- Workers’ searches for information across multiple systems is costing companies large chunks of time and money, according to a new report from project management software maker Quickbase.
- The report claims that close to 70% of employees spend as much as 20 hours a week chasing information across different technologies instead of doing their job.
- In addition, over half of survey respondents shared that they are tasked with projects outside of their primary skill sets either somewhat frequently (43%) or very frequently (7%). This results in what Quickbase calls “gray work,” or work that teams do to create ad-hoc solutions to get by and keep pace.
That wasted time adds up — more than half (53%) of respondents said they spend over 10 hours per week chasing information they need from different people and systems. For 22% of people, chasing information takes up more than 20 hours of their work week, according to the report.
As business owners are keenly aware, the loss of productivity has an effect on an organization’s bottom line. Quickbase cited a white paper by market research firm IDC that claims the time workers spend searching for information costs a 1,000-person organization $2.5 million per year.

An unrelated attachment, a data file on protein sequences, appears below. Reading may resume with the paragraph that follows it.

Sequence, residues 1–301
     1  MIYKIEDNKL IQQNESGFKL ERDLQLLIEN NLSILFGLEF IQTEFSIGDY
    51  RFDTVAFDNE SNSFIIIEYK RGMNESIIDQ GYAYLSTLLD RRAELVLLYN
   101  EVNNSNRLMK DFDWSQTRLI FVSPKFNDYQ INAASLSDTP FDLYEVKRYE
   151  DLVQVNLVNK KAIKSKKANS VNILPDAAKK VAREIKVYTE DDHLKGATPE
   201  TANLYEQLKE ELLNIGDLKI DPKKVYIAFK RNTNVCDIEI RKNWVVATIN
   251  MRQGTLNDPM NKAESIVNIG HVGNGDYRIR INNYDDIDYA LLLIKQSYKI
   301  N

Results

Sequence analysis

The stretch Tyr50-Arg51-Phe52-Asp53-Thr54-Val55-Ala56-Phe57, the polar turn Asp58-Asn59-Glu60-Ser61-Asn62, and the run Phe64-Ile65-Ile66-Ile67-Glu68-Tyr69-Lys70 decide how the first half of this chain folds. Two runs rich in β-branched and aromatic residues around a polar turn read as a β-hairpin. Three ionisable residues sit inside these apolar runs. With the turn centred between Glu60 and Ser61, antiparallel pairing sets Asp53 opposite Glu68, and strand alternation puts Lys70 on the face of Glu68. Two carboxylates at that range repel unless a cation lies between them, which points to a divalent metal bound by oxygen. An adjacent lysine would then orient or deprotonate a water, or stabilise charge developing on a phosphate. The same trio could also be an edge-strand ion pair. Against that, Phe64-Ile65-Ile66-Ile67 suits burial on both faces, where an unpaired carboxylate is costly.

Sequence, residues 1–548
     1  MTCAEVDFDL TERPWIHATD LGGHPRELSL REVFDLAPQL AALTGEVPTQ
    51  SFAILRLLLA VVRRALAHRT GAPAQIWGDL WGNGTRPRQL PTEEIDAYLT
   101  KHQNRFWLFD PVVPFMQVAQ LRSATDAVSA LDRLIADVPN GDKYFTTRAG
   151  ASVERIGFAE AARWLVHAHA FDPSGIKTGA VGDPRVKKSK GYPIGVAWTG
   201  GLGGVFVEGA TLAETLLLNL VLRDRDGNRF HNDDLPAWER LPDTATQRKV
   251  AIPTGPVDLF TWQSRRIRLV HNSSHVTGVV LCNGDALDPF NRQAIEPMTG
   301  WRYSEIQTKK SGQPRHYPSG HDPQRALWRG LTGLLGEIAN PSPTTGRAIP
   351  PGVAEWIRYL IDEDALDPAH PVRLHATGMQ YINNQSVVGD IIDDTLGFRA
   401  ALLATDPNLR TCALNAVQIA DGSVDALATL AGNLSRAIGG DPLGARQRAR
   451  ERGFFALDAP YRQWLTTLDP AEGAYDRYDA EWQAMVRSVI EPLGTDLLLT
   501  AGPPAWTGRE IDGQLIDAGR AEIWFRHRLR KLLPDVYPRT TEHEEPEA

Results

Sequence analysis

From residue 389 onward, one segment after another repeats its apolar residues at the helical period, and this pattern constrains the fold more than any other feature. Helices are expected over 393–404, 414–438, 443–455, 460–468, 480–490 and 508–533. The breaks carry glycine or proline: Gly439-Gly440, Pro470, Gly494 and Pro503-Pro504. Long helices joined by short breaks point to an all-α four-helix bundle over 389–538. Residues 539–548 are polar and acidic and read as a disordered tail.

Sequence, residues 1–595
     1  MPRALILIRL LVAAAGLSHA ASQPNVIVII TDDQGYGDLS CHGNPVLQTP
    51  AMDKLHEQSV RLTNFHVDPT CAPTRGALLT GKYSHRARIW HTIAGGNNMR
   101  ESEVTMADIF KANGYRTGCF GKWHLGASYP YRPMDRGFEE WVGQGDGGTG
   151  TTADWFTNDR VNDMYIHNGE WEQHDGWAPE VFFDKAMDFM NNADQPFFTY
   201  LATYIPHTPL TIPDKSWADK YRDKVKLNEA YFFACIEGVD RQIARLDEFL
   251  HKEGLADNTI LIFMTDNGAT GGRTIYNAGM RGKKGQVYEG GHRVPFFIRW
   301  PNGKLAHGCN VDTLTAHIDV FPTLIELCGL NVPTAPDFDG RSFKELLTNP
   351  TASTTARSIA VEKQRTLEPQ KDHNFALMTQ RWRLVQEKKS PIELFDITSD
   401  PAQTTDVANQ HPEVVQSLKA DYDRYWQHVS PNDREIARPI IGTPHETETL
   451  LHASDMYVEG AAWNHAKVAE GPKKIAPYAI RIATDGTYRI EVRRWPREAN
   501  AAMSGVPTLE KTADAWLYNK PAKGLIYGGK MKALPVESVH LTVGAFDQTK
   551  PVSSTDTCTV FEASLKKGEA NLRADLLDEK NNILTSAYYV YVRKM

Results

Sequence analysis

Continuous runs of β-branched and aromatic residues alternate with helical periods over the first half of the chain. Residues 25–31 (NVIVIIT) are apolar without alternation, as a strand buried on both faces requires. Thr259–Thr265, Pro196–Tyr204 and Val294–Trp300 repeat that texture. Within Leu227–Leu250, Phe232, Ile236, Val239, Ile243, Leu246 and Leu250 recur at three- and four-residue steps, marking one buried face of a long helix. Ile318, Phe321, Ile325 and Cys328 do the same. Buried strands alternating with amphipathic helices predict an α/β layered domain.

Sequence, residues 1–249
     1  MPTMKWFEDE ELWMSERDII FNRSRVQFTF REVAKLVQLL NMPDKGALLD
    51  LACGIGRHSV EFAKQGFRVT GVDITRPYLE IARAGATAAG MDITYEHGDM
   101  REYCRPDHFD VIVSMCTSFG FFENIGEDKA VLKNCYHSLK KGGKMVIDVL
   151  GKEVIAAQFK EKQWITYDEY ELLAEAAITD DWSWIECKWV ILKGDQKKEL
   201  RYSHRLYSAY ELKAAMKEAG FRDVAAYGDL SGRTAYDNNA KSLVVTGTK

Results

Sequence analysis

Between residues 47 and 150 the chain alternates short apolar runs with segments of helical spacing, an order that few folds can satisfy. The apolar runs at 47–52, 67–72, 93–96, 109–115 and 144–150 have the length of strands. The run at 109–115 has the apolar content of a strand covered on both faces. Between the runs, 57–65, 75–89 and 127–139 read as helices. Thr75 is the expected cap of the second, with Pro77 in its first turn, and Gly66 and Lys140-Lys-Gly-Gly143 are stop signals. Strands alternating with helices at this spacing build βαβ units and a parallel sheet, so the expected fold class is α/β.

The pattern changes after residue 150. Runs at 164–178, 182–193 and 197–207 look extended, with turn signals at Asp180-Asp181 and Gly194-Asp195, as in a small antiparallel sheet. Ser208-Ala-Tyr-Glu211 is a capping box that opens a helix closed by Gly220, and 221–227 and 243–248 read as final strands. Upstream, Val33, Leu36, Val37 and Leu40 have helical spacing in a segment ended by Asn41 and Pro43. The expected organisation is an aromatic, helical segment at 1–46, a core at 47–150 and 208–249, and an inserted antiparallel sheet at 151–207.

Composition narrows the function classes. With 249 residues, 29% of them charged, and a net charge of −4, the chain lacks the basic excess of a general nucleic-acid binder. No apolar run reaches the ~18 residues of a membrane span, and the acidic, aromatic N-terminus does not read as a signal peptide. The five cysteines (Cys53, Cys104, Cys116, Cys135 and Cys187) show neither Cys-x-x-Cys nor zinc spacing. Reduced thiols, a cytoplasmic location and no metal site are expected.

“The way we work isn’t working. The promise of digital transformation isn’t happening the way it was intended, and employees are frustrated, and organizations are losing money,” said Ed Jennings, CEO of Quickbase, in a press release. “Work is more dynamic than ever before and most software tools just weren't built to manage the influx of data, information and teams, which is impacting everything down to the bottom line.”
Across industries, over 64% of projects experience delays at least 20% of the time, while miscommunication affects 54% of projects to a similar degree. These setbacks result in additional costs, increased time investment and a decreased ability to meet customer expectations, according to the release.
Construction is a prime target for these issues — subcontractor management, scheduling and billing create windows for error on large-scale projects.
This is crucial an industry that often operates on thin margins, and especially in the face of growing spending. U.S. subcontractors, for example, paid $97 billion more for materials and labor than expected in 2022 as profitability dropped.